The exclusion order may apply to all casinos in Macau, or only to certain casino venues, which appears to be designed to allow for casino employees to enter their working premises, and request to be excluded from all other casino venues. It should be noted that, as a general rule, under article 4/3 of Law 10/2012, casino employees are not allowed to gamble in the casino they work, or in any other casinos operated by his employer, so it would be sufficient for a problem gambler employed in a casino to apply for the self-exclusion of the remaining casino properties in Macau. There is anecdotal evidence that suggests that certain casino employees in Macau, namely the table games dealers, are particularly prone to become problem gamblers, and that a sizeable number of the current applicants to the self-exclusion scheme are employed in the local gaming industry.
The official data on the casino exclusion applications, made available by the Gaming Inspection and Coordination Bureau, suggests that the self-exclusion scheme is modestly successful, while the number of applications remains low if one considers the overall number of gamblers, mostly tourists, in the Macau casino gaming market. It can also be concluded that the exclusion initiated by third parties, while consisting of approximately only 10 percent of the self-exclusion requests, has been consistently utilized, which indicates that there are indeed a number of cases in which the excluded person does not submit an application for an exclusion order by himself, but does offer his consent when he is informed that an immediate family member has submitted an application for exclusion.
The current self-exclusion scheme does suffer from a number of obvious shortcomings, namely that it does not require that an excluded person is removed from the marketing databases of the casinos and is not contacted during the period of self-exclusion. There is also no specific regulation on the protection of personal data that is submitted for the purpose of the self-exclusion program, to ensure the privacy of the excluded persons. While general data protection laws will apply, it would be advantageous to have a number of specific regulations. The self-exclusion scheme currently only covers the casino operators, while other gaming suppliers are not included in the exclusion order, which could allow for an excluded person to gamble outside of casinos, namely in the Macau Jockey Club or in venues offering Pari-mutuels or sports betting. There is no clear reason why a self-exclusion scheme should apply only to casino gaming, and it appears obvious that a problem gambler could divert from casino to other forms of gambling.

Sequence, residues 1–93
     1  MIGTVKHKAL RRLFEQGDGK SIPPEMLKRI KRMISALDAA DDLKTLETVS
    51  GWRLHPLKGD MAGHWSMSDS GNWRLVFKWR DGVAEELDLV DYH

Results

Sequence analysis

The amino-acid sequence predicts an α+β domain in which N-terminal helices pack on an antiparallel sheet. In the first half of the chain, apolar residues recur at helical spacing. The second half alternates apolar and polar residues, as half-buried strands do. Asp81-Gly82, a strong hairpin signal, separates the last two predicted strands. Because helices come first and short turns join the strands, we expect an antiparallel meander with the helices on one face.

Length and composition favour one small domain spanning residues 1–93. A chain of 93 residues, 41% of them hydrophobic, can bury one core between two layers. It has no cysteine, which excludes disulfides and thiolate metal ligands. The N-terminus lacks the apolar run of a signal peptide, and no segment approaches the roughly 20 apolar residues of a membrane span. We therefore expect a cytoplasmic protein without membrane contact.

Moreover, in surprising fashion, and in all likelihood unintentionally, under article 12 of Law 10/2012 the failure to comply with an exclusion order constitutes a crime of disobedience punishable by up to one year in prison or with a fine of 120 days. That means that if a self-excluded person does not comply with an exclusion order he will not only be asked to leave or conceivably forfeit all winnings or chips, tokens and vouchers in his possession or control at the time, but that the self-excluded person may be prosecuted for a criminal offense. One fails to see why a problem gambler, that breaches an exclusion order while battling his gambling addiction, should be subjected to criminal prosecution. This clearly unreasonable legal provision has not, at least as far as we are aware, ever been applied to cases of self-exclusion. One assumes that the apparent lack of enforcement is a living testament to the fact that the enforcement agencies do not consider it reasonable to pursue criminal charges for the simple breach of an exclusion order in these types of cases.
*Luís Pessanha is a part-time lecturer at the Faculty of Law of the University of Macau, where he lectures in tax and administrative law. He is a Senior Legal Adviser at the Legislative Assembly of the Macau SAR. He earned his L.L.B. from the New University of Lisbon, has a postgraduate from the Catholic University of Lisbon and obtained his L.L.M. from the University of Macau. He may be reached via e-mail at [email protected].
Asia Gaming Brief is a news and intelligence service providing up to date market information for worldwide executives on relevant gaming issues in Asia.
ASIA GAMING BRIEF
PO Box 1139, Macau SAR
Tel: +853 2871 7267
Fax: +853 2871 7264